Another issue with deviated noses is “cartilage memory”. Even if you perfectly straighten the elastic septal cartilage wall in the midline of the nose, this cartilage may deviate again in the long run under the effect of healing forces, since it is a living and biological material.
As you can see from the definitions and descriptions above, nasal deviation may be congenital, developmental or acquired and is quite a complex problem.
Now let’s get into the details of surgery:
It is imperative for patients with deviated noses to know that some deviation will remain after the operation and that when the nasal midline is drawn, the nasal structures on the right and left of this line cannot be completely symmetrical. Other than that, an “expectation for perfect symmetry” will only disappoint you. There are clinical case examples where noses that were severely deviated before surgery got almost straight and symmetrical after surgery. I have such examples in my archive, too. We can look at them together when you come visit me, but you should know that these examples do not set a standard in terms of the possible clinical results in rhinoplasty for deviation.
In rhinoplasty for deviation, the remaining deviation and asymmetry after the surgery will/should be much less noticeable than before the surgery. That is, deviation and asymmetry can be significantly improved, but not completely corrected.
In cases where nasal cartilages deviate in two different axes and the deviation starts from the junction of the bone wall at the back of the nose with cartilage, it is necessary to completely remove the midline cartilage of the nose, shape it on the operating table and re-position it in the nose. We call this approach ‘extracorporeal septoplasty’. Without doing this, it is almost impossible to correct the deviation effectively, permanently and consistently. This type of surgery will take much longer than a standard rhinoplasty and will require a different follow-up as well as a long-term treatment. Therefore, it can be several times more expensive than routine rhinoplasty.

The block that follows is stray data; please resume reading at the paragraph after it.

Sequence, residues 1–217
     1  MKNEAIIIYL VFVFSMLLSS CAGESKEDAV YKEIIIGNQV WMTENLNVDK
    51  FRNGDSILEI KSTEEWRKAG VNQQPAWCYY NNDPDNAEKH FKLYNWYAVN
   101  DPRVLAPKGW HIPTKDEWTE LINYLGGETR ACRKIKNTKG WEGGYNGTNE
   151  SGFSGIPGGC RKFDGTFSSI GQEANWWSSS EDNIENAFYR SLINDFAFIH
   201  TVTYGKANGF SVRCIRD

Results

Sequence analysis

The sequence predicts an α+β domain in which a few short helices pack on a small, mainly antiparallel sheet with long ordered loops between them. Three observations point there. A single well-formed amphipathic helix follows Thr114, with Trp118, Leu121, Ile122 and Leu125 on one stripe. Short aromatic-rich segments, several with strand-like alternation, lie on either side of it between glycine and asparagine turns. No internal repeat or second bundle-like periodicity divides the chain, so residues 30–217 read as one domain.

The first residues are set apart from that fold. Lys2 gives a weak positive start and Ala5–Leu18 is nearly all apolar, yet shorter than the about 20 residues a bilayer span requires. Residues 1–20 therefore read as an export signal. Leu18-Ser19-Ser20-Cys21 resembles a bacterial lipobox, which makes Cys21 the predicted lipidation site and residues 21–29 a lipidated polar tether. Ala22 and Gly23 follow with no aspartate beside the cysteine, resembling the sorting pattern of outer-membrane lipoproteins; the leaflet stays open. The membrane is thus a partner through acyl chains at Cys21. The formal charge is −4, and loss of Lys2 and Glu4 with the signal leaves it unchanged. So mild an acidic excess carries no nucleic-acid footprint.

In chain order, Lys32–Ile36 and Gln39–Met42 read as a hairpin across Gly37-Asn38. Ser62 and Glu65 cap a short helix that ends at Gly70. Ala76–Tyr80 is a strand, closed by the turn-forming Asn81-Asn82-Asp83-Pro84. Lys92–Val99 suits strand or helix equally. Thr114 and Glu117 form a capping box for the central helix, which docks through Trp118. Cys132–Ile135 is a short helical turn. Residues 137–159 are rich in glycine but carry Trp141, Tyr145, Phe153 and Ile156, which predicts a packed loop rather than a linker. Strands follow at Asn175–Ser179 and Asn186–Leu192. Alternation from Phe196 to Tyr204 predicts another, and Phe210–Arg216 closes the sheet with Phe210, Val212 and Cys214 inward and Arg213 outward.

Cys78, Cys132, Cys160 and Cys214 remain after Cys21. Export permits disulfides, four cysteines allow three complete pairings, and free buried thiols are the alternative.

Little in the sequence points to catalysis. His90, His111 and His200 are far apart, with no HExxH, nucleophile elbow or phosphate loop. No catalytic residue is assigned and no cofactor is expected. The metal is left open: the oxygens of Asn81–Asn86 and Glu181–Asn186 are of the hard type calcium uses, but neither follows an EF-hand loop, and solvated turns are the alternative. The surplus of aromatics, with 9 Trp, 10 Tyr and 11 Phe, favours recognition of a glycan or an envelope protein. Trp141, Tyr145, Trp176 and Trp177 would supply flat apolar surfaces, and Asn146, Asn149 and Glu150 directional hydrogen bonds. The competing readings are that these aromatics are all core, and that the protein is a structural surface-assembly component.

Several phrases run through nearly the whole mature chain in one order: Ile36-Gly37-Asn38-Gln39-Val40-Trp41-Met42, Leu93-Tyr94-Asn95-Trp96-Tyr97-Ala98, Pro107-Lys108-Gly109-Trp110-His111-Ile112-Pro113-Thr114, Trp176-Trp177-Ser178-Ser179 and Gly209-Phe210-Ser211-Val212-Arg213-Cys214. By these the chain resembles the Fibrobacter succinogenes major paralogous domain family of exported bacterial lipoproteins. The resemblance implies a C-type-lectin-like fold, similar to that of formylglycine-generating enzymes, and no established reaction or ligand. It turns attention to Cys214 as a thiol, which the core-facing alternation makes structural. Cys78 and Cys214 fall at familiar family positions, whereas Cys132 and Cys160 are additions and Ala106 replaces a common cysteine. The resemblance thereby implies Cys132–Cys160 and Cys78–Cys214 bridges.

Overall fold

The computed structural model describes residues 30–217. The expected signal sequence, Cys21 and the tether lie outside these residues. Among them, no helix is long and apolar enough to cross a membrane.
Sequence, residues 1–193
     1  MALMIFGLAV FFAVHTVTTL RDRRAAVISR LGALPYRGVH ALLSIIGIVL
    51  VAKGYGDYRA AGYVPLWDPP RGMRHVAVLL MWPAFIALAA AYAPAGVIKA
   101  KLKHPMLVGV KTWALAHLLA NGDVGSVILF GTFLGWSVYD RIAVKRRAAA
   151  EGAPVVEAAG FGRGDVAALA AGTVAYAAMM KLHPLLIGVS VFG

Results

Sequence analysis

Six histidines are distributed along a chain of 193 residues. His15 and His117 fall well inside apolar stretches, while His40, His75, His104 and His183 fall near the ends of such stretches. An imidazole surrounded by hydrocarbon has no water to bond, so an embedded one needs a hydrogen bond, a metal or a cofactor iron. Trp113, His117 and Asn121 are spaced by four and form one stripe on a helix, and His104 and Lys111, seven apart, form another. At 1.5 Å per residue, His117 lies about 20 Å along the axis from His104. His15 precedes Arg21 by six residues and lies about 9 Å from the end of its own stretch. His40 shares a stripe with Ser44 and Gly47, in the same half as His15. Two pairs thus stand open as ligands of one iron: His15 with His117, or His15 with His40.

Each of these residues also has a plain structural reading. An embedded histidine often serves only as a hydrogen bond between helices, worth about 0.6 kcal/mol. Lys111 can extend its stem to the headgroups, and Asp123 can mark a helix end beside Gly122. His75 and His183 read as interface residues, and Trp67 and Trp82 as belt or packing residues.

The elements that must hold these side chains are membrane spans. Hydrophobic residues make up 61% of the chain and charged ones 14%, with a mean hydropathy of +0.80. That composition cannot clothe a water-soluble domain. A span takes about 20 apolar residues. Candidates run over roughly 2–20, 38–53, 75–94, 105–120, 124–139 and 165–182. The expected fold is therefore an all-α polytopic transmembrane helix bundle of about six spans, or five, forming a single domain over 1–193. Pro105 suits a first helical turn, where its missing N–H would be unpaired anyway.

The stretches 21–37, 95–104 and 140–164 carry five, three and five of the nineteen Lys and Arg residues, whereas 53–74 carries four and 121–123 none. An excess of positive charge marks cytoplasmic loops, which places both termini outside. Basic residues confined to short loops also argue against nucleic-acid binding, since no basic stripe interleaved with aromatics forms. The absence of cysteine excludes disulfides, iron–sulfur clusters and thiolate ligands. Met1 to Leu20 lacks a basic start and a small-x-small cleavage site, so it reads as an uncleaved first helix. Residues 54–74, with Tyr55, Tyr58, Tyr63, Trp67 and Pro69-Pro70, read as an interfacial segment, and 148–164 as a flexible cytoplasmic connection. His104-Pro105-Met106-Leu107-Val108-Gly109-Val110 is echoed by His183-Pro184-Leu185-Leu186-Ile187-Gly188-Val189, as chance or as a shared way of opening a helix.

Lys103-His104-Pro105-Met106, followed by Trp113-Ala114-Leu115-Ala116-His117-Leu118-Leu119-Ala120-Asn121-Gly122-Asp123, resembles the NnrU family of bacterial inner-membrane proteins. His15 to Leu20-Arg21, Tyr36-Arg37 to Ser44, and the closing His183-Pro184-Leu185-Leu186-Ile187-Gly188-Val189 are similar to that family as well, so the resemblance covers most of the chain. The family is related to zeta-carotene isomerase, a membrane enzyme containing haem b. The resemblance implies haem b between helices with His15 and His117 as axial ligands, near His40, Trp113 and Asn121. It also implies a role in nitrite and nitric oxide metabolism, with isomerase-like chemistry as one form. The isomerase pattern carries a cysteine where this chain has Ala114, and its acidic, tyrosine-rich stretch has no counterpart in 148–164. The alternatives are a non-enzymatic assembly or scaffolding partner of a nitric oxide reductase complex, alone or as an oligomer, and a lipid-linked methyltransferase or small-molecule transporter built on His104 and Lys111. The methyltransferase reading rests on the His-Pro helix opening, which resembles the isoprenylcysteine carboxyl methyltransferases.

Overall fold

Ultrasonic bone shaping technology (aka piezo) is one of the developments that have strengthened our hands in deviation rhinoplasty in recent years. In ultrasonic bone cutting technology, we use precision micro-saws that abrade the bone with sound waves. This has made it possible to shape nasal bones with a thickness of 1-4 mm without breaking them completely, or to change the shape and angulation of the bone by creating very sensitive greenstick fractures.
Some patients with deviated noses complain about not being able to find a doctor to perform the surgery, and some suffer from high surgical costs demanded by the surgeons they see. The hospital costs for these surgeries, the costs of possible revisions in the ensuing period, the additional costs of the long duration of operation, the increase in the experience of the physician, and having fewer alternatives of physicians are the main reasons why the price of such surgeries increase.
I have not written these on deviated noses to worry you, readers. Today, one out of every three patients we operate in Turkey already presents with prominent nasal deviation. Generally speaking, patients with deviated noses form the group that benefits most from surgery and enjoys the most significant changes. However, the expectation for a perfect symmetry/perfection before the surgery causes some of the patients in this group to focus on the minor problems in the nose and grow unhappy instead of focusing on the tremendous change they have had and being happy about it. The only indispensable prerequisite for happy patients in plastic surgery is to set out with correct/realistic expectations before the surgery. This article was written to serve that purpose.
If you have complaints for deviation in your nose and seek more detailed information about it, you can contact me.
Take good care…
… of yourself and your beauty.